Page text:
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Are there free or low-cost counselling options for my child?

There are many ways to access counselling in BC – some charge a fee, and others are free of charge. Here are some key tips for your search:

  • Look into free or low-cost counselling in your community
    • Free counselling and mental health treatment is available through Child & Youth Mental Health (CYMH) services for ages 18 and under. CYMH is run by the BC Government. They are located in around 100 communities in BC. See the list of walk-in intake clinics and their hours.
    • Free drop-in counselling for young people ages 12-24 is available at most Foundry Centres. Foundry Virtual also offers virtual drop-in counselling sessions (online).
    • See if there are groups like the United Way or Boys and Girls clubs in your community that offer free or low-cost counselling.
    • Indigenous children and families may be able to access counselling services through the First Nations Health Benefits Program, from a mental health provider who is registered on the Health Benefits Provider List. This is a service through the First Nations Health Authority. You can also contact your local Band Office or Friendship Centre about counselling options. 
  • Ask about lower fee or sliding scale payment options

Some private counsellors or psychologists offer reduced cost or sliding scale for payment based on your income. Some might have information on their website about reduced rates.  

It’s always best to directly connect with the counsellor you’re interested in working with about your financial situation. It’s okay to ask: “Do you offer sliding scale fee options?” when you first call to make an appointment. This is a common question! Please don’t be embarrassed to ask it.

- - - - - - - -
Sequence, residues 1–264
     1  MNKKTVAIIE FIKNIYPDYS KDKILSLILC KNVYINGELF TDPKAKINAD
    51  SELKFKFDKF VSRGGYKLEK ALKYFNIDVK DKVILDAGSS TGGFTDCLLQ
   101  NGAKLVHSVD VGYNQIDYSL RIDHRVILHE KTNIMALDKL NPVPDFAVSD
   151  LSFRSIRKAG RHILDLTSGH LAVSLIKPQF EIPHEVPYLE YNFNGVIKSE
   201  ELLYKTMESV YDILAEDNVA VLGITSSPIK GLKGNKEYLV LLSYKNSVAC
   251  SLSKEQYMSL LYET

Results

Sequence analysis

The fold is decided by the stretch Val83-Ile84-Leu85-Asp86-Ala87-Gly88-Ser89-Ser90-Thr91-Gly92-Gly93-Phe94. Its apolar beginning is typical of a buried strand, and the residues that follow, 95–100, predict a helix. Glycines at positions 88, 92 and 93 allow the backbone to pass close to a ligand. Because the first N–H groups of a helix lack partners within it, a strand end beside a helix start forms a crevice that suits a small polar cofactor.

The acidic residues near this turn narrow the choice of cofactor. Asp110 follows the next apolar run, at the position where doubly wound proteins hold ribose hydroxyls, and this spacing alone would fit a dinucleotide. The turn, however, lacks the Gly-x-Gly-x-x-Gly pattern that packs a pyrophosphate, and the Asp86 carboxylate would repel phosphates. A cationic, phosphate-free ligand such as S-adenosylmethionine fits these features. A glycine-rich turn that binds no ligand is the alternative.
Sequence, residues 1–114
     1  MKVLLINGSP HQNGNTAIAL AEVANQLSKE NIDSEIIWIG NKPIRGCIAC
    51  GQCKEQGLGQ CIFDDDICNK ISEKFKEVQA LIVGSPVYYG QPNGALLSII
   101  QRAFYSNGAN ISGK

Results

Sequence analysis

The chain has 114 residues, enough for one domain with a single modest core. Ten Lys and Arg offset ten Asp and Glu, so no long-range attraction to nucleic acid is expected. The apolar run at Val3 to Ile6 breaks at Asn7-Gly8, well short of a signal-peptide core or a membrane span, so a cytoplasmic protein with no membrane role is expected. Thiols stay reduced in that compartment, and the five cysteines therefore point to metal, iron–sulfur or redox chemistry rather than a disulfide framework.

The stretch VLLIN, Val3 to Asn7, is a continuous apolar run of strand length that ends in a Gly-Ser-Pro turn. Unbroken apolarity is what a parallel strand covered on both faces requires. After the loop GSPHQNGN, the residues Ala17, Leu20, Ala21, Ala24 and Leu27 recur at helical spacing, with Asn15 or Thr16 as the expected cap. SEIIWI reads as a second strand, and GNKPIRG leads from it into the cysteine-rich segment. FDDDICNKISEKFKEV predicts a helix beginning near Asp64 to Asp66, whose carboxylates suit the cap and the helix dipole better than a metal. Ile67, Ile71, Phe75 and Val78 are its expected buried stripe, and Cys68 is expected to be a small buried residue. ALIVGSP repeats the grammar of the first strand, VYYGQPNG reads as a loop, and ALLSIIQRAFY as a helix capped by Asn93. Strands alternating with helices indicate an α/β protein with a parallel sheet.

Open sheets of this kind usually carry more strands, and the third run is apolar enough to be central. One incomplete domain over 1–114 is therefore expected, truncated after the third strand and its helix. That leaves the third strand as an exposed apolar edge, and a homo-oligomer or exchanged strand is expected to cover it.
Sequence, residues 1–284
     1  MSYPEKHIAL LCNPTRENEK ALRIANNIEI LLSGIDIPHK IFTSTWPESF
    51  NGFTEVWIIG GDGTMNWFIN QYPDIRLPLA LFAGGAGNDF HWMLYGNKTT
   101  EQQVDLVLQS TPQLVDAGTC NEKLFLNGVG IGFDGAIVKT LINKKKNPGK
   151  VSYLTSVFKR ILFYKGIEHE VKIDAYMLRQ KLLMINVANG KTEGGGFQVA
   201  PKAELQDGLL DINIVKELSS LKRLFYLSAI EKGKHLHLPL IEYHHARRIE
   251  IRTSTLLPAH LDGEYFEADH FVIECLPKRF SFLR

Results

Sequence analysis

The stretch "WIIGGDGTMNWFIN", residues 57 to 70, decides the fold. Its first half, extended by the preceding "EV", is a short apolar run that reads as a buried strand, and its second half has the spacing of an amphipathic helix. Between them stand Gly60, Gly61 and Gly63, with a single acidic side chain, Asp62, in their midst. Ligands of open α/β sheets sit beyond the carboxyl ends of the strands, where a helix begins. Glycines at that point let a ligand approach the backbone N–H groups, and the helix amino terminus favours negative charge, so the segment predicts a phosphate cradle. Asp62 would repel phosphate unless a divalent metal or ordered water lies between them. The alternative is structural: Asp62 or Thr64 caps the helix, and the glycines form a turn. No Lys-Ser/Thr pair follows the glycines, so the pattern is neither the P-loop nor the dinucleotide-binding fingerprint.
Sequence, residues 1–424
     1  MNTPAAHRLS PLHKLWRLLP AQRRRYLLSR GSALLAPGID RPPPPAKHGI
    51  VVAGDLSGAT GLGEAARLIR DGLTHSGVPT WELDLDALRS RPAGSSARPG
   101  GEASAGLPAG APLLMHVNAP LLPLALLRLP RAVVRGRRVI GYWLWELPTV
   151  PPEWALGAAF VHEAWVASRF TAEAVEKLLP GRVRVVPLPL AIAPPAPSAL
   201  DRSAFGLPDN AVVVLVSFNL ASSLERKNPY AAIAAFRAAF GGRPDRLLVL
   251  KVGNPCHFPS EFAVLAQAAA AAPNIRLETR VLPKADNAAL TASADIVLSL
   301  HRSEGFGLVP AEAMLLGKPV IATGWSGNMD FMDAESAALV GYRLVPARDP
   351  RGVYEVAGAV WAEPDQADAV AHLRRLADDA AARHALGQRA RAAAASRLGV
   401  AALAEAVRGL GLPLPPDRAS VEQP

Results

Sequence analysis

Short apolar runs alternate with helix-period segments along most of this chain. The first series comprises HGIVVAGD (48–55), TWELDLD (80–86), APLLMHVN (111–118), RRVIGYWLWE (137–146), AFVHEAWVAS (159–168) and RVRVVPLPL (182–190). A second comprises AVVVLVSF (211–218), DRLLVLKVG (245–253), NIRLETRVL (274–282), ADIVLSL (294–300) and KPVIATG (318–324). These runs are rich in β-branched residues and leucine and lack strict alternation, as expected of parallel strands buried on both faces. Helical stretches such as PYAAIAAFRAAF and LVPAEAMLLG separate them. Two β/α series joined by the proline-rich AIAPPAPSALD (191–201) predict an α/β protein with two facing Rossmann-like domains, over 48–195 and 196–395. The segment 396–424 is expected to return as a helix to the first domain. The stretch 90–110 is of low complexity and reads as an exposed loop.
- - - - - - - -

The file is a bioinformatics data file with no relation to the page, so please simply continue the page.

• Check your coverage through work (employee benefits)

Some employers offer employees and their immediate family counselling services, or will cover some costs as part of their extended health benefits or short-term employee assistance programs (EAP). Check what services are covered as it varies from plan to plan. For example, some will only pay for counselling by a registered clinical counsellor or psychologist. Also, check with the counsellor you’re interested in working with about what they accept.

  • Connect with your child’s school

If your child is in university or college, a fee for counselling is often included in their tuition as part of Student Services. Look into what's covered. Many University wellness centres offer some short term free counselling.

If your child is in elementary or high school, there may be a counsellor at their school and you can request a meeting. Even if your child’s school does not have a counsellor on staff, every school district has a team of counsellors that you can access. Call your school district directly if you need to.

For younger children (under age 5), specialized early childhood mental health services are available. For more information, contact a child and youth mental health intake clinic to see what might be available.

You can contact us at the Kelty Centre and we’ll try to give you some recommendations for your community.

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